Mario Lopez is Hispanic and he wants you to know it. You can tell by the type of attitude he puts behind pronouncing "Latino," and by the fact that salsa was his dance of choice during his career boosting stint on Dancing with the Stars.
During my press conference-style phone interview, multiple Hispanic publications, including HispanicBusiness.com, were virtually crowded into a tight room where Mr. Lopez sat distant on speaker phone. To avoid being verbally overrun by his many adoring female reporters, we were technologically silenced until we pushed "1" on our telephones, metaphorically raising our hands to be called upon. I was a bit nervous to interview him, I mean, this is AC Slater we're talking about here, you know, Slaaaaater!
Yes, that Slater, from Saved by the Bell, which aired on NBC from 1989 to 1993. Thanks to reruns in syndication, generations have grown up watching the studly Slater boss around Screech, make out with Jesse (ooooohhhhh) or battle buddy Zac Morris for high school jock supremacy.
But still, those glory days were so twenty years ago. What's A.C., um, Mario Lopez, doing these days anyway?
Despite the fact that most tabloid readers just recognize him as that super hunky guy who rides jet skis a lot, Lopez is one busy dude. The baby-faced 34-year-old took a brief break from LA and moved to New York, where he played a tyrant dance trainer on Broadway's "A Chorus Line." The reviews were good, although some critics argued that he stole the show maybe a little too much. For Lopez, who has been looking to expand his career through multiple facets, this criticism probably came more as a compliment than an aspersion.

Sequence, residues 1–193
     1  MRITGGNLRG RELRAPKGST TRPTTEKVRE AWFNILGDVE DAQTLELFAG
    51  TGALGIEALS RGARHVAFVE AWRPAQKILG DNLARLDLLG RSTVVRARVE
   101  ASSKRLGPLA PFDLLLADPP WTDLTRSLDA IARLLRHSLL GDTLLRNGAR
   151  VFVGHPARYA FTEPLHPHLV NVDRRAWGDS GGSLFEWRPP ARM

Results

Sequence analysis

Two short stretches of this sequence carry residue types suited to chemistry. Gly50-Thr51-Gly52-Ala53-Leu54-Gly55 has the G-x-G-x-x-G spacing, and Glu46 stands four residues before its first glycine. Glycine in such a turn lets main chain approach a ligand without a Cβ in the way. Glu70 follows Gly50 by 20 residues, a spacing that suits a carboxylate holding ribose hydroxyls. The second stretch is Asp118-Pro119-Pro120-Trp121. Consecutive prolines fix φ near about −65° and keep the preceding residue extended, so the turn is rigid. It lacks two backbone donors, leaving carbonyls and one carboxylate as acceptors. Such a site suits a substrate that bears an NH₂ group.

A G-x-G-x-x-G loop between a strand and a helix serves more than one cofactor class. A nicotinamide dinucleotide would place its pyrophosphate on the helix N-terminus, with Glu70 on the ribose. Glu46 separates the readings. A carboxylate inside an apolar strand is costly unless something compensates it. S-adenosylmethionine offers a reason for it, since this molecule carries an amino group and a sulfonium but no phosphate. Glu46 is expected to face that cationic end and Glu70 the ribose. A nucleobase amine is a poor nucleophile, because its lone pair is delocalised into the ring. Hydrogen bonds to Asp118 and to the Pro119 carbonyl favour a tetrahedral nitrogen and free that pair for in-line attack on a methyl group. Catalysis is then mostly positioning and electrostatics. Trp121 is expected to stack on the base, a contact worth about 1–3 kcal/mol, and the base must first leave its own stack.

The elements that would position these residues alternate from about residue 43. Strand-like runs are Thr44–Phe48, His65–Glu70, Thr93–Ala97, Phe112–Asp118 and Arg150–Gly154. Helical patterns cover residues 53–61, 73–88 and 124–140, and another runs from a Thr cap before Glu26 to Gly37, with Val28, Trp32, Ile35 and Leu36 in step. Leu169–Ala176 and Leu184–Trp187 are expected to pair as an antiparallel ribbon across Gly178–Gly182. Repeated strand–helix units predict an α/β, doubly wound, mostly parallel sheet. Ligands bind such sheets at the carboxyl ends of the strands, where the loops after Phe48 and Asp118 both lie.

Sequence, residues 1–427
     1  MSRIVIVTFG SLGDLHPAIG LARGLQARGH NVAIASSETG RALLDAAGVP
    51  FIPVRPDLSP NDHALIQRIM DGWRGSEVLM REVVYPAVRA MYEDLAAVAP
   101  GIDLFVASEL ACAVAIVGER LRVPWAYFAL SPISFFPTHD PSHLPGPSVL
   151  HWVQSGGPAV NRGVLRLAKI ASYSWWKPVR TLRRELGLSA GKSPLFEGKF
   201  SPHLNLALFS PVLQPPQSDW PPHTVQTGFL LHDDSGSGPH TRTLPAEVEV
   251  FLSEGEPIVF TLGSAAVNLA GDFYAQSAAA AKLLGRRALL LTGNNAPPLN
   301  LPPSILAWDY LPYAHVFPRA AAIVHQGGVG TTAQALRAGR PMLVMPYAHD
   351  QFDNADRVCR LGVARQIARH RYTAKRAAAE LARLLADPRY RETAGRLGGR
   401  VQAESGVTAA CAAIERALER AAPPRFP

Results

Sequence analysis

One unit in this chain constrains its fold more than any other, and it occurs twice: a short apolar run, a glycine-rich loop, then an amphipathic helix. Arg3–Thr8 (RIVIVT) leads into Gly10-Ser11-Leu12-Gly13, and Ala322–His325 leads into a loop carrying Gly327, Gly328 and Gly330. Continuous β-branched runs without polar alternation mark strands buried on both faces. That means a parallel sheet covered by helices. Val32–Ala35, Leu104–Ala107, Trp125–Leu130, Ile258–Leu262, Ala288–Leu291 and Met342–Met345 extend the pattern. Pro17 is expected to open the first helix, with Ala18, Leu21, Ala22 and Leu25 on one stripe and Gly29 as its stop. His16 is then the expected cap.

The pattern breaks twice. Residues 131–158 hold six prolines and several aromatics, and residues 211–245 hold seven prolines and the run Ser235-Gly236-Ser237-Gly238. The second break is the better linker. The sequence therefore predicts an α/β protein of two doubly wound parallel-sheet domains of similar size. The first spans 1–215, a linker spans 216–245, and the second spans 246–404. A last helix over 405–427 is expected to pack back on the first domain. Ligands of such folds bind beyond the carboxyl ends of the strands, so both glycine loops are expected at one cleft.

"I've always wanted to be diverse as possible and make bold choices, I've always wanted to just kind of do it all, have fun and be fearless," Lopez cleverly commented, after being asked about his 'Fun, Fearless Male' award from Cosmopolitan Magazine. "I hope that I keep doing all the same things. One thing that I do want to add is doing more on the production side that focus more on Latinos, which I am already working on."
Lopez is looking to add children's author to his resume, writing a kids' book with his sister Marisa titled "Mud Tacos", which is expected to come out September 2009. "Tacos" is throw back to his nino days, when the two Lopez youngsters would play at their Nana's house and make pretend tacos out of whatever they found in the backyard, a la mud pies.
"It's about focusing on brother and sister bonds growing up, a Dora the Explorer type vein," Lopez explained of his new book. "[It's to] encourage kids to use their imaginations."
As if authoring his childhood lessons isn't enough, Lopez has big plans to transform the book into a cartoon, where the voice of his sister would be played by long-time pal Eva Longoria. "It would be cool for us to get to play brother and sister."